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A revised Stewardship Code

Author: Michael Izza

Published: 13 Nov 2019

In his review of the FRC, Sir John Kingman was clear that the UK Stewardship Code must focus on ‘outcomes and effectiveness’, and cease to be simply a driver of boilerplate reporting.

The FRC has now revised the Code, and I want to provide members with an overview of some of the changes.


Every Code principle is now accompanied by an explanation of reporting expectations, including the outcomes – both positive and negative – which must be reported. Investors must describe how their governance structures and processes could be improved, and report any setbacks experienced and lessons learned.

The new Code sets higher standards for asset owners and managers – they are both subject to the same ‘apply and explain’ principles, although reporting expectations differ dependent upon whether investments are made directly or indirectly.

Investors must disclose their use of service providers, for example proxy advisers. This is supported by a new legal requirement for proxy advisers to report whether and how they follow a code of conduct.


I’m particularly pleased that the new Code requires integration of stewardship with investment decisions, and investors must disclose how their performance management and reward programmes incentivise this approach.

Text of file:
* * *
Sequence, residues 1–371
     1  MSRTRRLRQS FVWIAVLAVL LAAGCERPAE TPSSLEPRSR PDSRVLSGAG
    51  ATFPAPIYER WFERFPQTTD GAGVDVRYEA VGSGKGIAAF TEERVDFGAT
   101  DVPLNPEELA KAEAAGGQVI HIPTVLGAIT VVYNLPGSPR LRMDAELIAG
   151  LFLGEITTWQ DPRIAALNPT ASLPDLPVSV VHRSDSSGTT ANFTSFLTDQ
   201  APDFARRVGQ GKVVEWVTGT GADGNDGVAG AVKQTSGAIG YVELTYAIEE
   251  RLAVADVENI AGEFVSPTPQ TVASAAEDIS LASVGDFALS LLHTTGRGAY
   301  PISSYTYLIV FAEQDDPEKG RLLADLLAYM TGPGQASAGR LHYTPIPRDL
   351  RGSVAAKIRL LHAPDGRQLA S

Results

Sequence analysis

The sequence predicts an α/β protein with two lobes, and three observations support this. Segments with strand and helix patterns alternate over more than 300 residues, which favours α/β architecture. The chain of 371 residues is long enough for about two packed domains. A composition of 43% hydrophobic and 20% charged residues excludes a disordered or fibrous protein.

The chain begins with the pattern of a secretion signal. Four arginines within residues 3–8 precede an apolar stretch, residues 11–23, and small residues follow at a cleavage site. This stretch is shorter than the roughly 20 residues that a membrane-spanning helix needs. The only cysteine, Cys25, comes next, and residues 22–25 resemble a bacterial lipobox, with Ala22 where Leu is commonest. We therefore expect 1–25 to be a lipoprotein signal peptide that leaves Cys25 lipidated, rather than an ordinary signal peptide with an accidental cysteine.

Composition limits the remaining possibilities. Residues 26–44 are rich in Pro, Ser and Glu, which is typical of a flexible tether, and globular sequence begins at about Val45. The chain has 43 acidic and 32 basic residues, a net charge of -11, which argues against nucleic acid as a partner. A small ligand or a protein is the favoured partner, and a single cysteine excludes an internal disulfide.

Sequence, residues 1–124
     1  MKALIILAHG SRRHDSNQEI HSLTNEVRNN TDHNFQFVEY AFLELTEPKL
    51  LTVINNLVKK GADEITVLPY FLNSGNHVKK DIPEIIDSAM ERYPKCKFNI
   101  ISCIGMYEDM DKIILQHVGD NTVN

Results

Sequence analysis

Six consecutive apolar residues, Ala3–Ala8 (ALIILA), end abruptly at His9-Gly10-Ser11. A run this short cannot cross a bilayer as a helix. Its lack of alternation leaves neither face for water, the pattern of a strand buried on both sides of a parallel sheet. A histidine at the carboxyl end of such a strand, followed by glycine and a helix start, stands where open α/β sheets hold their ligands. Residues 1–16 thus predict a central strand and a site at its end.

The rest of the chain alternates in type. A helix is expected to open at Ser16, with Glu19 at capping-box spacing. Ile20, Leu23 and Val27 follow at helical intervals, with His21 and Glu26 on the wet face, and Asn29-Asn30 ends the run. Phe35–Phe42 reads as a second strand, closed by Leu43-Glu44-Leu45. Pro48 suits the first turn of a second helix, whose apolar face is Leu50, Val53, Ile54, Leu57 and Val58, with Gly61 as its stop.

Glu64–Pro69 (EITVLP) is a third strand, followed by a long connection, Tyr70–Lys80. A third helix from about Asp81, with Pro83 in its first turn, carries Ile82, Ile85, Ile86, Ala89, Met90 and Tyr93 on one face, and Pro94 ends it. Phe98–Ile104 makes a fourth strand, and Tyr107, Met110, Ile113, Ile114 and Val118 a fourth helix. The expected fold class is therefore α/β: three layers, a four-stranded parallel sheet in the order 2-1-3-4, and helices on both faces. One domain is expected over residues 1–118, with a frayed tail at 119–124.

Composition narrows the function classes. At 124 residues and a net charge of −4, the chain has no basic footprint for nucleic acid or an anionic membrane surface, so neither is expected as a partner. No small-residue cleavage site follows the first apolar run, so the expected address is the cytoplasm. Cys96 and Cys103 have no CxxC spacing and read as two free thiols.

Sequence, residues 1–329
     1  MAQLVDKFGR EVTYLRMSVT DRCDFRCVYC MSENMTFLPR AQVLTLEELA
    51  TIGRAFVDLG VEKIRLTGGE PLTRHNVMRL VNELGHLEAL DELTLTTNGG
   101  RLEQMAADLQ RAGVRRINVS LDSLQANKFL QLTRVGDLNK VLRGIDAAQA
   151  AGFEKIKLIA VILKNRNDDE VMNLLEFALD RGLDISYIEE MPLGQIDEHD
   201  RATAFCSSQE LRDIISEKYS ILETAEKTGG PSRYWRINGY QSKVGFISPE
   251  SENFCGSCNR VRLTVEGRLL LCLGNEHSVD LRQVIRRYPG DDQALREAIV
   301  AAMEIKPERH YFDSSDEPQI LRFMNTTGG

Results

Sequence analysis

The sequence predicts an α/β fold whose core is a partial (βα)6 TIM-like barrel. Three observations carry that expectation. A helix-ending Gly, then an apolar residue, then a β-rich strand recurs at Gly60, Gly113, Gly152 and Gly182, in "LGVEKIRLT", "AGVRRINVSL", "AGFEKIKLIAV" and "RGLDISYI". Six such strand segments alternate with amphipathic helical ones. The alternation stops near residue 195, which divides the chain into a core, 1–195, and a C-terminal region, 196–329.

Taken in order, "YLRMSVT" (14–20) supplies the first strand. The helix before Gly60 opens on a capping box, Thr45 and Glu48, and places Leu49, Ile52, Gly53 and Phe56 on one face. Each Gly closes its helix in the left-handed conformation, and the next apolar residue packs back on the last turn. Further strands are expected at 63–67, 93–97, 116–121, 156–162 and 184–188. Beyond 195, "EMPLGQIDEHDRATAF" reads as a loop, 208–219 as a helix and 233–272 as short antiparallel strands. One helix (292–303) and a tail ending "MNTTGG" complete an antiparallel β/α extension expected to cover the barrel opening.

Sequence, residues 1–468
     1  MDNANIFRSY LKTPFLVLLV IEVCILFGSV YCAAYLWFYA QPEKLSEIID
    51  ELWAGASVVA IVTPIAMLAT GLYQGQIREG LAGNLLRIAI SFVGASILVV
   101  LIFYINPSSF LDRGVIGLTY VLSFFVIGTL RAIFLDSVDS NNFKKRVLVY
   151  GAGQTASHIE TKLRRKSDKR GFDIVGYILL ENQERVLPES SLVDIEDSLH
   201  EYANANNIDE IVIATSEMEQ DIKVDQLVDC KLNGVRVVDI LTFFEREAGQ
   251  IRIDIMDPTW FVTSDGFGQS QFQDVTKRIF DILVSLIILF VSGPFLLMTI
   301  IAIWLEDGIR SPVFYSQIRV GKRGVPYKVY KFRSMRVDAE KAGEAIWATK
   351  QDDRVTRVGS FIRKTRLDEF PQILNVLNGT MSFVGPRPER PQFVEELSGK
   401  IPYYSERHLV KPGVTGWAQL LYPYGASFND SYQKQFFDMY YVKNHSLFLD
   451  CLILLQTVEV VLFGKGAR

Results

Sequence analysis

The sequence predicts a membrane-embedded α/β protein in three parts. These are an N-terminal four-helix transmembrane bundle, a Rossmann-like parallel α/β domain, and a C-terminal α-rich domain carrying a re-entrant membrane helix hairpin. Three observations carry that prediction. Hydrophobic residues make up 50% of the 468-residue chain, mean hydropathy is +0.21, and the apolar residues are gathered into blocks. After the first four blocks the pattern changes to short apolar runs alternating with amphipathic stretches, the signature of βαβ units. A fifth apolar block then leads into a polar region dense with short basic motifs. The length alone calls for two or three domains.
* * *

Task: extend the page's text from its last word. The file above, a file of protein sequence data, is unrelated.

I also welcome the requirement for investors to describe their engagement with investee companies, including the outcomes achieved through this engagement.

The Code confirms that environmental, social and governance (ESG) factors must be integrated into stewardship and investment decisions. Specifically, climate risk is cited as an example of a systemic risk which investors must respond to.

Other changes

The Code applies beyond listed equity to other asset classes, although there are stronger reporting expectations for listed equity and fixed income investments.

Investors are required to report what internal or external assurance they have received in relation to their stewardship. They must also provide a breakdown of asset classes and geographies, and state how information gathered through stewardship has affected decisions to exit investments.

Overseas investments are covered. Different approaches to stewardship for different funds, asset classes or geographies must be made clear – investors may now find it difficult to justify any inconsistencies of approach towards environmental and climate issues.

A missed opportunity?

The new Code does not refer to investors escalating concerns to the regulator about potential business failure. However, the Department for Business, Energy and Industrial Strategy (BEIS) is reconsidering this proposal, alongside Kingman’s recommendation that auditors should have a duty to make such reports.

Looking ahead

Investors wishing to apply to be included in the first tranche of code signatories must report on how they applied the code during 2020, by 31 March 2021. The regulator – be it the FRC or ARGA – will publish a list of approved code signatories in Q3 2021.

The regulator will also report its observations on the quality of investors’ reporting on the new Code, providing examples of good practice.

I believe the new Code should be welcomed – it reflects the work that many investors already do, and may reduce the ability of some investors to free-ride on stewardship undertaken by others.

For more on this and other matters, please follow me on Twitter @MichaelIzza.